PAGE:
The Hardy Weinberg Theorem is a mathematical formula that allows allele and genotype frequencies in a population of diploid or polypoid individuals to be interrelated, where the frequency of one allele is represented as p, and the frequency of the other is represented as q (the sum of which = 1.0). The sum of the different genotype frequencies (homozygotes and heterozygotes) also equates to 1.0. Where p and q are the frequencies of the alleles for a particular gene in a population, the genotype frequency can be expressed as:
p² + 2pq + q² = 1
Where p² = frequency of organisms that are homozygous for the first allele
q² = frequency of organisms that are homozygous for the second allele
2pq = frequency of heterozygous organisms
The Hardy Weinberg equilibrium stays constant as long as there is random mating, no migration, no natural selection, no mutation and no genetic drift (N=infinite), (Fig. 1).
N = infinite
Therefore the population does not evolve. If an allele or genotype frequency is seen to change from one generation to the next then it is clear that one or more of the micro-evolutionary forces (mutation, migration etc) are acting on those traits in the population. Without mutation there are no new alleles or genes and so no evolution. Mutation must occur in the germ line to be significant in evolutionary terms. J. B. S. Haldane (1892-1964) stated that the number of germ cell divisions per generation is higher in males; therefore the mutation rate will be higher in males. Gene flow (also called migration) brings new genotypes into populations and is critical for the long term survival of a population, especially if it is a small population. For migration to be effective in respect to evolution there must be successful reproduction among migrating populations. It is the movement of alleles between populations, not individuals.
Wright’s Island model of migration (Fig. 2) shows that migration homogenizes populations (where they consist of similar elements uniform throughout).
Genetic drift is another form of micro-evolution and leads to random changes in allele frequencies. It is fundamentally a result of finite population size and has the most rapid and dramatic effect on small populations who show reduced variability. Drift increases divergence between populations so genetic variation must be replenished. Mutation replenishes variation and at equilibrium there is a balance between the rate of mutation and the rate of drift.
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Charles Darwin (1859) defined natural selection (another micro-evolutionary force) with his four postulates; 1) individuals within populations are variable, 2) there is heritability (variation among individuals partly passed on from parents), 3) that in every generation there are some individuals that are fitter (survival/reproductive success) than others and 4) fitness is not random. Natural selection is the equivalent of differential reproduction as a result of an organism’s interaction with the environment and the population’s inherent variation. It acts on heritable (not acquired) characteristics at an individual level and not for the good of the species. However, the consequences occur in populations. This is demonstrated by melanism in the peppered moth (Biston betularia). The causes of melanism in the peppered moth have been well studied since the 1950’s and show natural selection at work. Camouflage is key to predator avoidance in the peppered moth and there are two distinct morphs. One being white with black or brown specks (typica) and the other predominantly black (carbonaria). The former is well camouflaged on trees with lichen on their bark and the later; better suited to dark or blackened bark. During the industrial revolution in the 19th century, an increase of soot and industrial pollution coincided with the appearance of the carbonaria form. Original studies on the relation between B. betularia’s crypsis and lichens failed to consider two important details; firstly, that the natural resting place of the moths is high in the canopy during the day and not on the trunk as previously thought, and secondly, human vision was used to simulate a bird’s view of the moths originally, but avian species are sensitive to different wavelengths of light and so will have a different view of the moths and their respective camouflage to that of humans. Taking this into consideration, Majerus, Brunton and Stalker (2000) devised a more systematic experiment to examine the UV characteristics of both moth morphs and some of the lichens they rested on.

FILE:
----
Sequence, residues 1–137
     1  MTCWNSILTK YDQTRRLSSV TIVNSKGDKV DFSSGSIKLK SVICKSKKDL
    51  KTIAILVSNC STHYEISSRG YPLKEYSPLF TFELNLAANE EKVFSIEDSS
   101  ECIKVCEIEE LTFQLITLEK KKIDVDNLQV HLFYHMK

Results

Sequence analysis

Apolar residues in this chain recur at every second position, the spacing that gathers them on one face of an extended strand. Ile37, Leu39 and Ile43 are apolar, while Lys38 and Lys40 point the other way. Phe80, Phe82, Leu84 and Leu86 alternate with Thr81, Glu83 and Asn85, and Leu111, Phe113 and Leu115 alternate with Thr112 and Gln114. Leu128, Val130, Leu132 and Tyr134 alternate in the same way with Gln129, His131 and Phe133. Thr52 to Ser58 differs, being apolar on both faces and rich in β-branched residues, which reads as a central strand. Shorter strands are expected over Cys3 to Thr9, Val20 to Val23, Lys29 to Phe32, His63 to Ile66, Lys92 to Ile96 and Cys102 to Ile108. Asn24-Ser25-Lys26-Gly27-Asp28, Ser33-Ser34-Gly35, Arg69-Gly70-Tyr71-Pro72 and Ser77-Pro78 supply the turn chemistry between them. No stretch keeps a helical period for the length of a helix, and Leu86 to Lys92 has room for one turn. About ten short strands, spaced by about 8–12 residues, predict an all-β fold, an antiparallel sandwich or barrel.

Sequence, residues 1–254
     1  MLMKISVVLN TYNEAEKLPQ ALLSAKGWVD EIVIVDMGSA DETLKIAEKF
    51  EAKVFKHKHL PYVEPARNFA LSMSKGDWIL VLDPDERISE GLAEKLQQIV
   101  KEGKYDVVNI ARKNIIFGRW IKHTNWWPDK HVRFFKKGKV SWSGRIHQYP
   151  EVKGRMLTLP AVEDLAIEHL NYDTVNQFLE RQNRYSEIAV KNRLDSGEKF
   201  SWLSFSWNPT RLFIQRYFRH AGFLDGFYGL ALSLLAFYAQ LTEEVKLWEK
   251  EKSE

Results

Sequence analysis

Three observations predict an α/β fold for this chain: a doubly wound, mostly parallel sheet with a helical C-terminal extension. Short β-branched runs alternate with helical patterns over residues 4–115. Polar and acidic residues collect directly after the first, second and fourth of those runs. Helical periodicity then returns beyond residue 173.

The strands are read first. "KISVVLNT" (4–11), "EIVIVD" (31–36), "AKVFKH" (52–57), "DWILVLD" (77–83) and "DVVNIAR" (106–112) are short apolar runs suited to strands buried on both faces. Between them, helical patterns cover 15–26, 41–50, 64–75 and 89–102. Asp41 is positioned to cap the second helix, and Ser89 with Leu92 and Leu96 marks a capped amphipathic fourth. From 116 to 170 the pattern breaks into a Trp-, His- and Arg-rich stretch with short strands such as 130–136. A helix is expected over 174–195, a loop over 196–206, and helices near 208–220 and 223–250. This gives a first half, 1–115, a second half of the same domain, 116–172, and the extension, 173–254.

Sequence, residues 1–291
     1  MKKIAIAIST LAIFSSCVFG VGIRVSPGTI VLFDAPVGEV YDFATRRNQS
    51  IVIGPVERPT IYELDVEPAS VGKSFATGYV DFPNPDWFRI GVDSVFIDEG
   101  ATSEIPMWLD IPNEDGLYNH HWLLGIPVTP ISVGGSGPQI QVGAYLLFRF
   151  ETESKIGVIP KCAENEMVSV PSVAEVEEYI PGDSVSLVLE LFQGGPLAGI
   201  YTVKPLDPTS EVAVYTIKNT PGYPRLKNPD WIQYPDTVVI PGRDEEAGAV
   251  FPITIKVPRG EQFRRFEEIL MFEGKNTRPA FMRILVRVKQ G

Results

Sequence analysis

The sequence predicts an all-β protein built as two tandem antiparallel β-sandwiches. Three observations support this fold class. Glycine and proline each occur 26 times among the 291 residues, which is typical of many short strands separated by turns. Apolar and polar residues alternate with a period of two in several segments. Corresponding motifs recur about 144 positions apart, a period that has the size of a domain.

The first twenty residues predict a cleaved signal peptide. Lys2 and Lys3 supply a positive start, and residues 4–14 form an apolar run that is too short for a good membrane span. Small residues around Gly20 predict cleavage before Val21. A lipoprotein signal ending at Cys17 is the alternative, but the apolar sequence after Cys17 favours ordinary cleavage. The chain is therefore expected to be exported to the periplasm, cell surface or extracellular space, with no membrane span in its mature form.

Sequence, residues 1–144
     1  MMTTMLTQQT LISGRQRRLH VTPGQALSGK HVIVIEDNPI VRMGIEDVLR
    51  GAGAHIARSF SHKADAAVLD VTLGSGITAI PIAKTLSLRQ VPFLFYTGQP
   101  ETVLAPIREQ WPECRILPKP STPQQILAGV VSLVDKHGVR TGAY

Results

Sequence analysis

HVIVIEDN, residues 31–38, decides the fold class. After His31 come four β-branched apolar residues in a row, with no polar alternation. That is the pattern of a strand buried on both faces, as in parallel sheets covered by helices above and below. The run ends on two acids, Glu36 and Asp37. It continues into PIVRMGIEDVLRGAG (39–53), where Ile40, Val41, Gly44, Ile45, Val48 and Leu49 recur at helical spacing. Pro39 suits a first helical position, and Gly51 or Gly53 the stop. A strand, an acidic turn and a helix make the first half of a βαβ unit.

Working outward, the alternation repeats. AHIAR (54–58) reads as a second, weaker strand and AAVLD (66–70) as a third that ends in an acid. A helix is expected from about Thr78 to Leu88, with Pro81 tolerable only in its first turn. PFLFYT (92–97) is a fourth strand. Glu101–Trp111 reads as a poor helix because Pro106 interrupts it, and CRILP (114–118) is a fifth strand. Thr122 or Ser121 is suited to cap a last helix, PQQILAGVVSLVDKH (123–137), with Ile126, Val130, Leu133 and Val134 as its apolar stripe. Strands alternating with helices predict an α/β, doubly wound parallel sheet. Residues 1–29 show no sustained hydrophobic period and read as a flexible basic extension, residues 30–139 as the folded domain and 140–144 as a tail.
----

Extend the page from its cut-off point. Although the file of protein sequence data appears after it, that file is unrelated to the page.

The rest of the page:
It was their conclusion that moth colour provides sufficient camouflage both in human-visible and UV- spectra to crutose lichens (as appose to different lichen flora originally hypothesised to be rested upon by black and peppered morphs). Ultimately, strong selection pressures gave way to relatively rapid the evolution of the carbonaria form in industrialised areas due to the advantages of its dark colour (predator avoidance etc).
Methods and Results
Assignment 1: Testing the Hardy-Weinberg Principle:
Using PopGenLab, we are able to set up hypothetical experiments to observe the factors that influence the Hardy Weinberg equilibrium in a population. We can do this by manipulating different input parameters (genotype frequency, tree type, number of stands (groups of trees), stand size (number of trees within a group), migration rate, mating pattern and disaster frequency). For this assignment the input parameters are as follows:
Number of stands = 1
All other input parameters are left at default values (equal allele frequencies; genotype frequencies of 50% brown, 25% white, 25% black; equal proportions of each tree type; stand size of 4000; no migration; random mating; disaster frequency set at “Never.”
Q 1.1) When looking at the allele and genotype frequencies, there is a change in both over time. All populations behave differently to one another. This is because the only active evolutionary force is genetic drift.